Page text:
The long-term goal of this project is to identify functions of RGS proteins and the mechanisms that regulate them. The focus of the present application is RGS2, which has been linked genetically in mice and humans to hypertension. The central hypothesis is that RGS2 regulates blood pressure by carrying out discrete functions in vascular smooth muscle, vascular endothelium, and kidney. This project focuses on the ability of RGS2 to regulate vascular contraction and relaxation by functioning in vascular smooth muscle, endothelium and to regulate fluid transport in renal nephron. It uses cell type- specific RGS2 knockout mice in conjunction with biochemical, cell biological, physiological and imaging methods to address the following Specific Aims: 1) determine how RGS2 degradation is regulated in vascular smooth muscle;2) determine the relative contributions of RGS2 in vascular smooth muscle, endothelium and nephron in blood pressure control;3) determine how RGS2 promotes endothelium-dependent vascular relaxation;and 4) determine whether RGS2 regulates the ability of vasoconstrictors to regulate RhoA signaling ex vivo and in vivo. Accordingly, this project advances understanding of blood pressure control mechanisms and their dysregulation in hypertension, which may contribute to the identification of new hypertension therapies.
Hypertension affects 50 million Americans, making this condition a leading mortality risk factor due to its association with greatly increased risk of cardiovascular disease, renal failure, diabetes and stroke. Hypertension causes enormous clinical and societal burden because ~70% of the patient population is poorly treated by currently available therapeutics. Improved treatment is likely to occur when therapeutics can be tailored to a patient's genetics. This project advances this goal by determining how a newly identified hypertension-linked gene---RGS2-regulates blood pressure.
|Osei-Owusu, Patrick; Knutsen, Russell H; Kozel, Beth A et al. (2014) Altered reactivity of resistance vasculature contributes to hypertension in elastin insufficiency. Am J Physiol Heart Circ Physiol 306:H654-66|
|Jia, Lixia; Chisari, Mariangela; Maktabi, Mohammad H et al. (2014) A mechanism regulating G protein-coupled receptor signaling that requires cycles of protein palmitoylation and depalmitoylation. J Biol Chem 289:6249-57|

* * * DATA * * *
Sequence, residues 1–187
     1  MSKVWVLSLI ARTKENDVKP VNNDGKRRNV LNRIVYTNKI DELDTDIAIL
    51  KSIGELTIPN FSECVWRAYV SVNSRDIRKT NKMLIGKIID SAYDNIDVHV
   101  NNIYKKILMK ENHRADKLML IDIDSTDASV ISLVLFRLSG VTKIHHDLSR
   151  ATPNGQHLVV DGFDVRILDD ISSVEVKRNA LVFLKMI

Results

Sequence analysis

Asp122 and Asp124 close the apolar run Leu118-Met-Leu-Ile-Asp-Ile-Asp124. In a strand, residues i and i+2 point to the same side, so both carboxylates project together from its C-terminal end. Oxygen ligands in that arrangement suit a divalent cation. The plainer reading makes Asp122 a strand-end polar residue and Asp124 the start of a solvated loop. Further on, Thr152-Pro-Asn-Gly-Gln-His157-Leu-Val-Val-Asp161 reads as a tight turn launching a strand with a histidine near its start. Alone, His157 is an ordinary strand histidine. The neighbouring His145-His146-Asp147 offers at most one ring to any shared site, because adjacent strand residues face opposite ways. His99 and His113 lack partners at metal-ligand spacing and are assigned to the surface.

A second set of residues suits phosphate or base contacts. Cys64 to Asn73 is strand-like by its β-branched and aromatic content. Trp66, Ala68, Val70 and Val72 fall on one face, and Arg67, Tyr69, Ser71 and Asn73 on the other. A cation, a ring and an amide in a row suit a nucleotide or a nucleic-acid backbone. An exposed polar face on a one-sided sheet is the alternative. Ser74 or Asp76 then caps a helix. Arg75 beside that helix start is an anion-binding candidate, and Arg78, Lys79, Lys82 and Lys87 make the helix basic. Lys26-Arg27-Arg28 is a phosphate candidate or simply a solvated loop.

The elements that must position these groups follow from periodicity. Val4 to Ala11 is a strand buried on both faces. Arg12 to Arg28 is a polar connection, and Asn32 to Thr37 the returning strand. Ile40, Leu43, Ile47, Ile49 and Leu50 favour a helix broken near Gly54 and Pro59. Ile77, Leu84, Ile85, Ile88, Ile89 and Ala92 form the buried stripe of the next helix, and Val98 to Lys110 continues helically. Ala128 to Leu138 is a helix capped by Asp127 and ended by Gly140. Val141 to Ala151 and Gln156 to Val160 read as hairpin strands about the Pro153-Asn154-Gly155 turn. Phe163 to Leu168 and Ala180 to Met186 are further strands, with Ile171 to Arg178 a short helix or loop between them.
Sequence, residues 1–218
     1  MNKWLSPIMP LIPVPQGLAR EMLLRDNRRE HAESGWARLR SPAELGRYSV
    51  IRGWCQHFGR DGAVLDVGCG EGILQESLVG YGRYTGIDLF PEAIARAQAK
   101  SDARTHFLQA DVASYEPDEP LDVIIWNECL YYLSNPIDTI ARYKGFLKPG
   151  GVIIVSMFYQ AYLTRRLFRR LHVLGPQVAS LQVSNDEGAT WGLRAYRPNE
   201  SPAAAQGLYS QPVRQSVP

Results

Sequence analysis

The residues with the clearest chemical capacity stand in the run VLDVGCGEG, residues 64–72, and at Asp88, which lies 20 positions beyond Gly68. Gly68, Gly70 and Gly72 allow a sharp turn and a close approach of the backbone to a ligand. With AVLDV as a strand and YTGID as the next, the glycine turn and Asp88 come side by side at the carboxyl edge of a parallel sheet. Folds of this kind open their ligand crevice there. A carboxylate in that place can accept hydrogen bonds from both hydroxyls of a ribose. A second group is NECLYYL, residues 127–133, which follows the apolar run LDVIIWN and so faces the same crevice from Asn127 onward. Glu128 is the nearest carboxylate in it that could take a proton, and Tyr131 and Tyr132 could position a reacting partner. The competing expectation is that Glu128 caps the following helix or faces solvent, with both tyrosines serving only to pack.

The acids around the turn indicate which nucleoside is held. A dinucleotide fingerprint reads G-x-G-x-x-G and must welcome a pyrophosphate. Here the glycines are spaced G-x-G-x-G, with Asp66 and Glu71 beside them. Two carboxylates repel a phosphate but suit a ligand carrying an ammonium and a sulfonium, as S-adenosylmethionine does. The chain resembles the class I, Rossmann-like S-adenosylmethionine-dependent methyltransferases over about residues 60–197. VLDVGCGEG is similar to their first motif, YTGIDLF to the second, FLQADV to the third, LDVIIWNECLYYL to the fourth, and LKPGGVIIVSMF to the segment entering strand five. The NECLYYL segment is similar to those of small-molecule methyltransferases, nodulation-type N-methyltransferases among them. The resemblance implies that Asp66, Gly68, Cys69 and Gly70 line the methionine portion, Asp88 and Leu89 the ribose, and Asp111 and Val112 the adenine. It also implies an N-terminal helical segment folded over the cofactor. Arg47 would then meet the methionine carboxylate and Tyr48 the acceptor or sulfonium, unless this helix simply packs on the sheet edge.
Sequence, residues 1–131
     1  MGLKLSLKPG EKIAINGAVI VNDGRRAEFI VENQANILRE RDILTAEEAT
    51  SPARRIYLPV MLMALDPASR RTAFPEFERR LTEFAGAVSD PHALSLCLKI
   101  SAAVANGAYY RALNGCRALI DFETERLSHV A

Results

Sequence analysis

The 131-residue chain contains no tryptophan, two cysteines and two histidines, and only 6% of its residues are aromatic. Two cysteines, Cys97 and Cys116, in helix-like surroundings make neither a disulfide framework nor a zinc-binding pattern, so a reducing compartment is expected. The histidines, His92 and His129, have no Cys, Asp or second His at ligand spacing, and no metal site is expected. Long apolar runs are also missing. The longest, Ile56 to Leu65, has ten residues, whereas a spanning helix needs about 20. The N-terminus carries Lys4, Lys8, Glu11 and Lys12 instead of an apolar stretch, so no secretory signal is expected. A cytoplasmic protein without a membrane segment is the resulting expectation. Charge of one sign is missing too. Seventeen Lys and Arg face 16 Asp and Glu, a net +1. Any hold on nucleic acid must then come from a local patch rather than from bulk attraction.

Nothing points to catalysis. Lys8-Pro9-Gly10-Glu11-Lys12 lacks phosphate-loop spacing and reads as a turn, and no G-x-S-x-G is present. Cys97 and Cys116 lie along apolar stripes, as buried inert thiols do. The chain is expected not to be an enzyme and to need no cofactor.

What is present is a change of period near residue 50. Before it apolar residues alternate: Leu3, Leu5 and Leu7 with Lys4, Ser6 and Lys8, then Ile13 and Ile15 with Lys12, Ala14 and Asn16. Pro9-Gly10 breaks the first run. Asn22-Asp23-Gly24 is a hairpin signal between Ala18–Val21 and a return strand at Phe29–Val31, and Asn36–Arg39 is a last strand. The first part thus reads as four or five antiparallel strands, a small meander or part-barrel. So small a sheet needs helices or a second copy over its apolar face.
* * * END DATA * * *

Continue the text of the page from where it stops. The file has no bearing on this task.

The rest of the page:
|Osei-Owusu, Patrick; Sabharwal, Rasna; Kaltenbronn, Kevin M et al. (2012) Regulator of G protein signaling 2 deficiency causes endothelial dysfunction and impaired endothelium-derived hyperpolarizing factor-mediated relaxation by dysregulating Gi/o signaling. J Biol Chem 287:12541-9|
|Jia, Lixia; Linder, Maurine E; Blumer, Kendall J (2011) Gi/o signaling and the palmitoyltransferase DHHC2 regulate palmitate cycling and shuttling of RGS7 family-binding protein. J Biol Chem 286:13695-703|
|Jayaraman, Muralidharan; Zhou, Hao; Jia, Lixia et al. (2009) R9AP and R7BP: traffic cops for the RGS7 family in phototransduction and neuronal GPCR signaling. Trends Pharmacol Sci 30:17-24|
|Grabowska, D; Jayaraman, M; Kaltenbronn, K M et al. (2008) Postnatal induction and localization of R7BP, a membrane-anchoring protein for regulator of G protein signaling 7 family-Gbeta5 complexes in brain. Neuroscience 151:969-82|
|Osei-Owusu, Patrick; Sun, Xiaoguang; Drenan, Ryan M et al. (2007) Regulation of RGS2 and second messenger signaling in vascular smooth muscle cells by cGMP-dependent protein kinase. J Biol Chem 282:31656-65|
|Drenan, Ryan M; Doupnik, Craig A; Jayaraman, Muralidharan et al. (2006) R7BP augments the function of RGS7*Gbeta5 complexes by a plasma membrane-targeting mechanism. J Biol Chem 281:28222-31|
|Drenan, Ryan M; Doupnik, Craig A; Boyle, Maureen P et al. (2005) Palmitoylation regulates plasma membrane-nuclear shuttling of R7BP, a novel membrane anchor for the RGS7 family. J Cell Biol 169:623-33|
|Overton, Mark C; Chinault, Sharon L; Blumer, Kendall J (2005) Oligomerization of G-protein-coupled receptors: lessons from the yeast Saccharomyces cerevisiae. Eukaryot Cell 4:1963-70|
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